Artist: Banco Del Mutuo Soccorso
Label: Manticore Records
Catalog#: MA6-505S1
Format: Vinyl
Country: United States
Released: 1975-04
A1 Chorale (From Traccia's Theme) 2:30
A2 L'Albero Del Pane (The Bread Tree) 4:45
A3 Metamorphosis 14:54
B1 Outside 7:42
B2 Leave Me Alone 5:20
B3 Nothing's The Same 9:58
B4 Traccia II 2:42

Bass, Acoustic Guitar - Renato D'Angelo
Drums, Percussion - Pier Luigi Calderoni
Grand Piano, Clarinet, Synthesizer - Gianni Nocenzi
Guitar, Trumpet, Backing Vocals - Rodolfo Maltese
Organ, Synthesizer, Strings [Electronic] - Vittorio Nocenzi
Vocals - Francesco Di Giacomo

Strawberry Bricks Entry:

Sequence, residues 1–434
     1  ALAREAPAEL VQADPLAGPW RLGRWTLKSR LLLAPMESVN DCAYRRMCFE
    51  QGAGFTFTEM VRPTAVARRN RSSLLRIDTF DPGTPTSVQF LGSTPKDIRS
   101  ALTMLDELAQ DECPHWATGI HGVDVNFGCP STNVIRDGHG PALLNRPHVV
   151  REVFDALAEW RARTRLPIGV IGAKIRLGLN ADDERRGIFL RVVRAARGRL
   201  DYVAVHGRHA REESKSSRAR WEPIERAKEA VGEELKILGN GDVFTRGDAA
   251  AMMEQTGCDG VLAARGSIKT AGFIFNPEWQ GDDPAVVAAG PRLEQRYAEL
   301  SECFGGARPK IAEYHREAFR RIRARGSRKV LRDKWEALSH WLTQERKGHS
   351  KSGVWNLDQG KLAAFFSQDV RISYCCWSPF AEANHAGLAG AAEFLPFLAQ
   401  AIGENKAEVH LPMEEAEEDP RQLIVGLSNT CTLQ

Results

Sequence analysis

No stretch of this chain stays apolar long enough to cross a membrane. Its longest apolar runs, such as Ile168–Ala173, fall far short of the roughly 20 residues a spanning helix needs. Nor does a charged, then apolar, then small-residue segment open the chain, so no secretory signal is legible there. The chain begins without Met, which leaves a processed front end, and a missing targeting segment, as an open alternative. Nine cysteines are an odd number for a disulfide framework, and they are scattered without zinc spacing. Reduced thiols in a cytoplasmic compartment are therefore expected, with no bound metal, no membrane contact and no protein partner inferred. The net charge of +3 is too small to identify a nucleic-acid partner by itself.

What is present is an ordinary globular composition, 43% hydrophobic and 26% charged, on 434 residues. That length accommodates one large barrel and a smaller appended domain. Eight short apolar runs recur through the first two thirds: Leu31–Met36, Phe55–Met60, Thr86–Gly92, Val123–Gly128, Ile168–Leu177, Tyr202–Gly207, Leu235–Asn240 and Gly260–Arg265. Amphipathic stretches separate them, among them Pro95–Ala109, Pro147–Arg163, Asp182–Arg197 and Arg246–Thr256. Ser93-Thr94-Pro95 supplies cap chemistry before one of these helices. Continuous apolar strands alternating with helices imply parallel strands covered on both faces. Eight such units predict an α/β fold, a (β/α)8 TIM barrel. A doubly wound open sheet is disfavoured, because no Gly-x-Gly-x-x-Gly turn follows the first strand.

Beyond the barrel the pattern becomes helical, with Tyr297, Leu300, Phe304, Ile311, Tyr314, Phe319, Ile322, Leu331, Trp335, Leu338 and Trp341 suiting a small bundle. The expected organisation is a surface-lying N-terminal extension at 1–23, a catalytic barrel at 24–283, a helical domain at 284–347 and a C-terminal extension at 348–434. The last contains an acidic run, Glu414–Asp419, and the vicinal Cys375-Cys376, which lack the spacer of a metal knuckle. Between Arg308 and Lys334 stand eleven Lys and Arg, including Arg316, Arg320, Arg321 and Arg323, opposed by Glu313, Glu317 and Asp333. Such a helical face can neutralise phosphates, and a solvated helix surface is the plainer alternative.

Banco is short for Banco Del Mutuo Soccorso or "Bank of the Mutual Trust." Hailing from Rome, the group centered around brothers Vittorio and Gianni Nocenzi's dual keyboards, and Francesco Di Giacomo's classic Italian tenor. Following a UK tour in 1974, the band was approached by Emerson, Lake & Palmer's Manticore label, who had already signed fellow countrymen Premiata Forneria Marconi. This contract led to the band's next album: a re-recording of several tracks from their previous three albums for Dischi Ricordi, all of which had made the top of the Italian charts. Simply titled Banco (though also referenced as IV), the album features Di Giacomo's rather large frame on the cover. The formal "Chorale" opens unceremoniously, but is followed by the lively "L'Albero Del Pane," an unreleased Italian song. Spirited, the track highlights the group's intricate arrangements, a rather ELP-inspired break and, of course, Di Giacomo's superb voice. However, the opening meters of "Metamorphosis" demand complete attention: Bold, complex and shifting, this is Rock progressivo italiano at its finest. Along with the exceptional drumming of Pier Luigi Calderoni, Gianni's piano and Vittorio's Hammond and synthesizer intertwine effortlessly as the track evolves into a striking masterpiece "Outside" (original title "RIP") gives new guitarist Rodolfo Maltese some room to stretch before digressing into something a little more bel canto. The next pair of songs offer translations to English from Marva Jan Marrow, who also worked with PFM. Whether they add anything to the equation is debatable, as Di Giacomo's voice is a treat no matter what language he sings in. The gentle "Leave Me Alone" (originally "Non mi rompete") is uncharacteristically acoustic and reminiscent of PFM or Le Orme; while the liberal use of synthesizers and interplay between musicians adds a unique Banco feel to "Nothing's The Same" (original "Dopo niente e più lo stesso"), certainly another highlight of the album. The final track "Traccia II" brings the album full circle, but sounds like a midi file. Without a doubt, Banco's first three records—the self-titled debut Banco Del Mutuo Soccorso, Darwin, and Io Sono Nato Libero—are worth more of an investigation than this compilation offers.
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